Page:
This should be considered in two parts: what is certain and what is uncertain. Under all reasonable circumstances, it is not possible for a patient to be exposed to enough radiation from x-ray machines to cause death from acute exposure. This has never occurred. The doses necessary to obtain skin reddening (erythema), skin injuries and hair loss are reasonably well established. Skin injuries have been observed in patients undergoing interventional procedures that replace surgery (like angioplasty), mostly when performed by repeatedly exposing the same body part to radiation. The occurrence of skin injuries is estimated to be about 1 in 10,000 interventional procedures, which makes them very rare. Skin injuries and temporary hair loss caused by CT have been recorded only in recent years with the first report appearing in 2005, though CT has been in use since 1972. It should also be borne in mind that these injuries occurred mostly through error, rather than through normal use of CT. Guidelines developed to introduce safeguards by manufacturers provide further assistance in avoiding radiation injuries in CT. Genetic defects from radiation exposure, passed on to offspring, have not been seen in humans, and so the main area of concern is the cancer risk. The field of radiation risks is well studied, much more than many other areas of risk in daily life. The current estimates of probability of cancer from radiation exposure to dose of 10 mSv is 1 in every 2,000 people, a dose that is on the higher end of the dose from an abdominal CT scan (though a well optimised CT scan is possible with a much lower dose than this). This implies that if 2,000 people were to receive a radiological examination that imparts 10 mSv, there would be a probability that one of them may have cancer over and above the background cancer rate. The ‘normal’ rate of cancer is fairly high, up to almost 1 in 3 of the whole population, but it ranges between 14% and 30.1% depending upon sex, country and region [Global Cancer Statistics, 2011]. This translates to about 280 to 602 ‘expected’ cancers per 2,000 people. Therefore exposing all 2,000 to 10 mSv each would increase this by one to 281 to 603 per 2,000.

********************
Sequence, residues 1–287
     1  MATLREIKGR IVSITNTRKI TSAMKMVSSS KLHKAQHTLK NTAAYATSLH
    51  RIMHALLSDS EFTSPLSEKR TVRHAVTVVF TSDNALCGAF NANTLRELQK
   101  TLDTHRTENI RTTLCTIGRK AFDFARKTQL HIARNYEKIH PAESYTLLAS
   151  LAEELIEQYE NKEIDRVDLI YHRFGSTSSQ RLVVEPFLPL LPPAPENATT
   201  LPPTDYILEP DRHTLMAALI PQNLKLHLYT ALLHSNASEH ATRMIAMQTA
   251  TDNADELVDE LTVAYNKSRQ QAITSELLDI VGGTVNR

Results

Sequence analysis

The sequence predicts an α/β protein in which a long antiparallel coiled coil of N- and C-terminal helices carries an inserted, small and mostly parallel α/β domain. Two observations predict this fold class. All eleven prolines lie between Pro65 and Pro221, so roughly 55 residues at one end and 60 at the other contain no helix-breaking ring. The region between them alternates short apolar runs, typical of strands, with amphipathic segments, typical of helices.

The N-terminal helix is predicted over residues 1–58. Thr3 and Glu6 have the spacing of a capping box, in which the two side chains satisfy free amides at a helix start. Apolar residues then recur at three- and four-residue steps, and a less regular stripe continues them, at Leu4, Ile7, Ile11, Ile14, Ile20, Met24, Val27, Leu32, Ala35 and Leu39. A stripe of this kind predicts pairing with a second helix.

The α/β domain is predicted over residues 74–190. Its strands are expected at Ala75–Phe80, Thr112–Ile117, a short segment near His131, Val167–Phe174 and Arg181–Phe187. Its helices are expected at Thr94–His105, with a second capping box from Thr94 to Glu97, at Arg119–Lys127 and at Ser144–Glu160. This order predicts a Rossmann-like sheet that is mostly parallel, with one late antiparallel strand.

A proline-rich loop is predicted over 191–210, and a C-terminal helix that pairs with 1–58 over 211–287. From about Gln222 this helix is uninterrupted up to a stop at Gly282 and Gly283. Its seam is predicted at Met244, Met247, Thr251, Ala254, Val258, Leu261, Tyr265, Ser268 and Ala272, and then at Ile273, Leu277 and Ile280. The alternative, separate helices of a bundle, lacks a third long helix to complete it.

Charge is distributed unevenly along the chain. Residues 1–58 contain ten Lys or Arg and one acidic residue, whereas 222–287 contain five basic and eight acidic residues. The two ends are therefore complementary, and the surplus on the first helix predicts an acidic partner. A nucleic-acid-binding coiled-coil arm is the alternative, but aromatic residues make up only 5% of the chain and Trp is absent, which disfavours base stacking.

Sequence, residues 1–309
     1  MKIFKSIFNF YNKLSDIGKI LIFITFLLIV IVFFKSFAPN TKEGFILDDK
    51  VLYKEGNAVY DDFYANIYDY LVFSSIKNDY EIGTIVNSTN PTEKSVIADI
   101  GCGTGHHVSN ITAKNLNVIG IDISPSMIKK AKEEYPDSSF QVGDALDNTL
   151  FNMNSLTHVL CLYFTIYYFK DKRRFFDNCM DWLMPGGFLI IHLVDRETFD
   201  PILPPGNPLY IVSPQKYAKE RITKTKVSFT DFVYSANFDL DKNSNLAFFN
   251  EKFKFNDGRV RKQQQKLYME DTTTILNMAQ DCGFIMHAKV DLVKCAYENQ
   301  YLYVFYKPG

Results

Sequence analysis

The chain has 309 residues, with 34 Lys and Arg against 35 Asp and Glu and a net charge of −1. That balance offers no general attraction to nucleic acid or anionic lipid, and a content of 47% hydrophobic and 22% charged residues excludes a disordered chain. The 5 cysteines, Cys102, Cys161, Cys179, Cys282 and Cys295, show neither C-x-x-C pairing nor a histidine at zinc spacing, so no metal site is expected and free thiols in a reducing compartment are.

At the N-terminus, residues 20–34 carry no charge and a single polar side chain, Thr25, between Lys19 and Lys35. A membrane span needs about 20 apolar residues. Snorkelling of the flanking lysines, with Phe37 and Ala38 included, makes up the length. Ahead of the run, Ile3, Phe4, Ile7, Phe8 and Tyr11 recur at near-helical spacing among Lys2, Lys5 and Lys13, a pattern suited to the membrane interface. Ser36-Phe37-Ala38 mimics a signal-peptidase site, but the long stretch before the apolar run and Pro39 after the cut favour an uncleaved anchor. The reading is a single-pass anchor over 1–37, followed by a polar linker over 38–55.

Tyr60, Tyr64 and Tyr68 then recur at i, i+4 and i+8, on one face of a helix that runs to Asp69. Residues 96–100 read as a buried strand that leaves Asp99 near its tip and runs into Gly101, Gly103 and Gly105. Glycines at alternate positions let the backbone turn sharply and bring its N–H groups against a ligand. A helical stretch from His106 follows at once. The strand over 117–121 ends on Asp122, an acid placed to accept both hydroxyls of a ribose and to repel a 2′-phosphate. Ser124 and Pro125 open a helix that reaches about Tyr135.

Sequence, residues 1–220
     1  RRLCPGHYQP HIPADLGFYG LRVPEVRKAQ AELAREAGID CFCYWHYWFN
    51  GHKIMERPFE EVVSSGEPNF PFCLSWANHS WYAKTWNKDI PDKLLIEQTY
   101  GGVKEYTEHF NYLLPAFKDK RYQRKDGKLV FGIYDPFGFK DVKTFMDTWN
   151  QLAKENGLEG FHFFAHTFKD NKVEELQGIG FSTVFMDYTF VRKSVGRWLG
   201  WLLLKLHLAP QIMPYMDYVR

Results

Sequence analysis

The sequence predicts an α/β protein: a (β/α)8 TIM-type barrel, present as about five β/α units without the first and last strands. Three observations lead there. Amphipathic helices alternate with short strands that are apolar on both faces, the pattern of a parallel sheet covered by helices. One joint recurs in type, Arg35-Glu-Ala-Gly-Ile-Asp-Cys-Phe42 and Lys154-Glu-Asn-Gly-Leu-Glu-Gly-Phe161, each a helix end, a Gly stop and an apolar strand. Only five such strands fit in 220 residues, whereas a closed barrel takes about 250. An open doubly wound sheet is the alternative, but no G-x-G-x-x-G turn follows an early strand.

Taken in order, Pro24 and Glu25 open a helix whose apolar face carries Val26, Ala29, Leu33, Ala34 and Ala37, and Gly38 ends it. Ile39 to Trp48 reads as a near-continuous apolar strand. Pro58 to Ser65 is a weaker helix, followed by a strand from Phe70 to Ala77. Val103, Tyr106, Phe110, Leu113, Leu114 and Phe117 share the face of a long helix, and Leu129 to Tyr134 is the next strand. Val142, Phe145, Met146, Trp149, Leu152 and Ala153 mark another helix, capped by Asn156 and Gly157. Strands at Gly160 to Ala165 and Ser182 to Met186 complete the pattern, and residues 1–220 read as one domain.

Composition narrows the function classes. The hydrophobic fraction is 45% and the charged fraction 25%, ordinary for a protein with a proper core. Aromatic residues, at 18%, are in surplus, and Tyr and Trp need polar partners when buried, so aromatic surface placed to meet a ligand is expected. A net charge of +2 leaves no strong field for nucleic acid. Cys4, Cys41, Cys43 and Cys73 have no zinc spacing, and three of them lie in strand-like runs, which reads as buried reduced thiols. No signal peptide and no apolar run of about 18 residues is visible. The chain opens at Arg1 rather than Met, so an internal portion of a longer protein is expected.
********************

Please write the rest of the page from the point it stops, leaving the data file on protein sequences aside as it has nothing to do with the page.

Viewed in this light, the additional risk is put into perspective. Nevertheless, the importance of radiation risk should not be underestimated when repeated examinations are performed, and doses should be kept as low as possible. There may be ways to perform the same examination with a much lower dose. If dose is halved, the risk is also halved, which is why the ALARA principle is considered so important.